By Robert Mann
On the afternoon of Tuesday, November 5, 1916 – near the end of a bruising reelection campaign – President Woodrow Wilson sat writing a letter in the study of his cavernous New Jersey summer retreat, a rented mansion called “Shadow Lawn.”
For most of the summer and fall, Wilson had presided over a flawless political operation. His small campaign staff, ensconced above a bank in nearby Asbury Park, had helped him stage the most modern and effective American presidential campaign ever. Every week, from the house’s front porch, Wilson greeted thousands of supporters who flocked there to hear him speak.
Over the late summer and fall, he had made his case in passionate speeches that emphasized his wise, sober leadership during a dangerous year in which the country inched closer to entering the murderous war that raged across Europe. Wilson’s message, trumpeted by the Democratic Party: “He kept us out of war.”
After running a virtually flawless campaign, and having tried to broker a diplomatic end to the war, Wilson was confident of victory. “I have surveyed the field,” he wrote earlier that day to his closest advisor, Colonel Edward House, “and I cannot reach any other conclusion but that the fight is won.”
And, yet, he hedged his bets. This was the reason he sat down to compose another letter that afternoon, just two days before the election.
He addressed his words to Secretary of State Robert Lansing. Prompted by an October 20 from his friend House, Wilson now laid out a stunning plan for how he would respond should he lose the election.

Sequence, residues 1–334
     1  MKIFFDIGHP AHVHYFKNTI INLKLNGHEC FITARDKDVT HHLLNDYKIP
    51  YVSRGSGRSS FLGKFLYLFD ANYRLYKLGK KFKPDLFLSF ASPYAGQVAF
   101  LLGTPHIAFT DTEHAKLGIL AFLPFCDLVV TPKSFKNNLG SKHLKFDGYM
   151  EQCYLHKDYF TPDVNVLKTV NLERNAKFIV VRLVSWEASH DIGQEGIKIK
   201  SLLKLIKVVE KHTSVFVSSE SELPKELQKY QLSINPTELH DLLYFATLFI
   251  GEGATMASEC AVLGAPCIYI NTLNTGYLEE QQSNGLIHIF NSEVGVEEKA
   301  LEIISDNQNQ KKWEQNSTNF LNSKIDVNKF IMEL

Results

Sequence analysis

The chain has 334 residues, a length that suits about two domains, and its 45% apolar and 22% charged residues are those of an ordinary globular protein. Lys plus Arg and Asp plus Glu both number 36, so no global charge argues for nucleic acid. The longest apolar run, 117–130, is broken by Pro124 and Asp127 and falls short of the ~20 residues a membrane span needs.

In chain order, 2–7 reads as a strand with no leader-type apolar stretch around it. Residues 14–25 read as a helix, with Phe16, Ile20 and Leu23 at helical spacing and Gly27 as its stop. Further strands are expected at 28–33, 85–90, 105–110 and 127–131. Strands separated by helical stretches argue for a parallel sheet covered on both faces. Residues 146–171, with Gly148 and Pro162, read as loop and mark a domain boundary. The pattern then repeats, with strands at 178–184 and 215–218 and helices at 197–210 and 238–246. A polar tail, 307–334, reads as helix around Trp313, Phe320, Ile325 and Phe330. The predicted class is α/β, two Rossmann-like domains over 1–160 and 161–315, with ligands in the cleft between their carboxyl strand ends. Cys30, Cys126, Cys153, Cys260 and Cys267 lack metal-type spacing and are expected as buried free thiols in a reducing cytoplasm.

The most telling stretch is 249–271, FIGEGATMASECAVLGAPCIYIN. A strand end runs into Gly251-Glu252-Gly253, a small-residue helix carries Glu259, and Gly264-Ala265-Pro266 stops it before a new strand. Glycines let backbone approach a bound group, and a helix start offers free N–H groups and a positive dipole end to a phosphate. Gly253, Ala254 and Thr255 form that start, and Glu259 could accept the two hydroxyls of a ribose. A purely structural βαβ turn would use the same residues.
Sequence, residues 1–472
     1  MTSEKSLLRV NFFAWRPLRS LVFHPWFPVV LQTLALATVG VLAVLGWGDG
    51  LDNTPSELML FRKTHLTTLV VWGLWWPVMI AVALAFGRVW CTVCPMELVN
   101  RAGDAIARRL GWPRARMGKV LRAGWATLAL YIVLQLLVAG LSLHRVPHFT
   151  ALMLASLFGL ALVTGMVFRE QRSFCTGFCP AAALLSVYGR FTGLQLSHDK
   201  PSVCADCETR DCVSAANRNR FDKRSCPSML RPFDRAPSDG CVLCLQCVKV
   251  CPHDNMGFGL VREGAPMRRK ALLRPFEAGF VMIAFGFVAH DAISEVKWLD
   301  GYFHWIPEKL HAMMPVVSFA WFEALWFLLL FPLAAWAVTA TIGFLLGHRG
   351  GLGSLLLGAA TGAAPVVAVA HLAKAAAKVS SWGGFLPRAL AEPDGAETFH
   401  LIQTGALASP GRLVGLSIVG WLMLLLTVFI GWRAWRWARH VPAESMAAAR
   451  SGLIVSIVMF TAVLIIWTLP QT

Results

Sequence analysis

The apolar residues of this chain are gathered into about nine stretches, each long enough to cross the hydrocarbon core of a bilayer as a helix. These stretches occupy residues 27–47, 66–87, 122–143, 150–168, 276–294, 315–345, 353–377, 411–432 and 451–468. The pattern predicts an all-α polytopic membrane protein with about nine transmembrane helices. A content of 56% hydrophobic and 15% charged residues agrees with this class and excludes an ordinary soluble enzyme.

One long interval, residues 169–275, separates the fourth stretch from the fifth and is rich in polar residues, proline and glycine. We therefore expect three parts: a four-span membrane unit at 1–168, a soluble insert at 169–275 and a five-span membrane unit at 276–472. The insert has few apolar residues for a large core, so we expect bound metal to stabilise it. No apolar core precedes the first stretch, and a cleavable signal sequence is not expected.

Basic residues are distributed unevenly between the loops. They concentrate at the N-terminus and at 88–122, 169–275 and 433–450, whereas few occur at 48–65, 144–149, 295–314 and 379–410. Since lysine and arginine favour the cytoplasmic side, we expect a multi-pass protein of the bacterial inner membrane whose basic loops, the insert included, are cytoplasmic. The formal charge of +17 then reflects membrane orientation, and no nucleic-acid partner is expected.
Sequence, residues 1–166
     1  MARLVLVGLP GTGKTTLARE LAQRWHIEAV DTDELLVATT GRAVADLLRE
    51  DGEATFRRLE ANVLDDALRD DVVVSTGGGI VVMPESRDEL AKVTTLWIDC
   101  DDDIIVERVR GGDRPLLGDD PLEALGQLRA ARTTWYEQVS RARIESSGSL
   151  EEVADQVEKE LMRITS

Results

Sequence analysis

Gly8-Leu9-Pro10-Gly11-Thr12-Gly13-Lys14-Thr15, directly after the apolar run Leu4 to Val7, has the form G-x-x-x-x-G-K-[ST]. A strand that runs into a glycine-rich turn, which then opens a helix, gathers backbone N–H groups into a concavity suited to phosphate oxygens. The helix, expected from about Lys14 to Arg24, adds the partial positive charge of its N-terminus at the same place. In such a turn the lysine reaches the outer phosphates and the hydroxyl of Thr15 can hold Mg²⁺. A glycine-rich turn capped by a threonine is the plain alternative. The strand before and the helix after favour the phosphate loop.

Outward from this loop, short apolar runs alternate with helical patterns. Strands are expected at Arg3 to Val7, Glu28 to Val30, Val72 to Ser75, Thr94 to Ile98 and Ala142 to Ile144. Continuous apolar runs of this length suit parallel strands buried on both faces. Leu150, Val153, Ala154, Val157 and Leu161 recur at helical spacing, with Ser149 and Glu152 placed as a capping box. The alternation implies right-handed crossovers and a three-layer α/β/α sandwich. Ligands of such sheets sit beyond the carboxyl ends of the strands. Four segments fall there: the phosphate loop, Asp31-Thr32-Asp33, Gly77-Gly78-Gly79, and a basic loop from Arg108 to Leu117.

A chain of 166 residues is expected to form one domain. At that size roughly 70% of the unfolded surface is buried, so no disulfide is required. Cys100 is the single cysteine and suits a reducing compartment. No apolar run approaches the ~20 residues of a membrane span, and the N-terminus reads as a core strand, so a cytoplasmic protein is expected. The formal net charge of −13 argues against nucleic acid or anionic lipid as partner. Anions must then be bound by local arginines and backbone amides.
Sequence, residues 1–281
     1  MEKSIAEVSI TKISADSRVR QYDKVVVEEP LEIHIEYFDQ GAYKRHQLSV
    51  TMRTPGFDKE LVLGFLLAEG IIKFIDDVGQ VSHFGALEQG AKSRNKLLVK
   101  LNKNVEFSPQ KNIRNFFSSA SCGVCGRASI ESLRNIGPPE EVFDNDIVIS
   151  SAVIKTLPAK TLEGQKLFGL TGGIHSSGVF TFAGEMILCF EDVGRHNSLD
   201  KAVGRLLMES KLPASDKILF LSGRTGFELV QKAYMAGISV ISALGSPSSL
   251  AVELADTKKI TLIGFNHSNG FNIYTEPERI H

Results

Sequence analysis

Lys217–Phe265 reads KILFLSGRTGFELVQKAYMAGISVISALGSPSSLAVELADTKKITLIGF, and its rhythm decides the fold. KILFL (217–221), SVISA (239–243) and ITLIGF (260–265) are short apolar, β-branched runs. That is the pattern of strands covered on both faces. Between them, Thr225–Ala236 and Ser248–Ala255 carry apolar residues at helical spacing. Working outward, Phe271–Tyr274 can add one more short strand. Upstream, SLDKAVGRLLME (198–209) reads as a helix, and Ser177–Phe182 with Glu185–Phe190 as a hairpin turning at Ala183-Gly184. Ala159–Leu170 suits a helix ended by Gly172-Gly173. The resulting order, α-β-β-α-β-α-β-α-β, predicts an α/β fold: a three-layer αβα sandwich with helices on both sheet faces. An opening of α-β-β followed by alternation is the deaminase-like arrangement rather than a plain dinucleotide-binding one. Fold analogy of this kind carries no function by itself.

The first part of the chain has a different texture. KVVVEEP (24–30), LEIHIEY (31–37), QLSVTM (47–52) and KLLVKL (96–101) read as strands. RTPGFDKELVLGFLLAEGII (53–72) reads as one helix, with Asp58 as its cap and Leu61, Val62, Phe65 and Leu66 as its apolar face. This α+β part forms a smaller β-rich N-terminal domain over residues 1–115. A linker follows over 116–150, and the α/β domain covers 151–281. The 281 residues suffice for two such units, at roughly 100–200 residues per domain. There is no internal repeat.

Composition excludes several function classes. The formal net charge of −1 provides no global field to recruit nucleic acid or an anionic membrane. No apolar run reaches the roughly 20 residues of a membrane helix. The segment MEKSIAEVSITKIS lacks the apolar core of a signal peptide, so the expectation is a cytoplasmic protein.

Wilson informed Secretary Lansing that, if he lost the election, he would immediately instigate a remarkable scheme to turn the White House over to Hughes and become the first American president to resign from office.
Wilson’s plan involved persuading Vice President Thomas Marshall and Lansing to resign at once. Wilson would then appoint President-elect Hughes as secretary of state. With the vice presidency empty, the secretary of state would become first in the line of succession (adoption of the 25th Amendment in 1967 would later render a plan like Wilson’s impossible). Wilson would then resign the presidency, making Hughes president four months before his scheduled inauguration on March 4.
With war raging in Europe, the president was uncertain how long he could keep the United States out of the fighting. During such dangerous times, however, he knew the country could not wait four months to inaugurate its new president.
More than anything, Wilson knew he could not effectively govern as a repudiated leader during a time of national crisis. “I would have no right to risk the peace of the nation by remaining in office after I had lost my authority,” he wrote to Lansing. As House had noted when he first suggested this plan to Wilson, “This would be a patriotic thing to do.” The plan would redeem an election loss “from danger and embarrassment.”
In retrospect, Wilson’s resignation letter appears remarkably wise and patriotic.
The story of this remarkable 1916 letter and the impulse behind it should be required reading for any would-be president. It will remind them and us that a president’s first loyalty must not be to his or her re-election, but to the wellbeing of the country.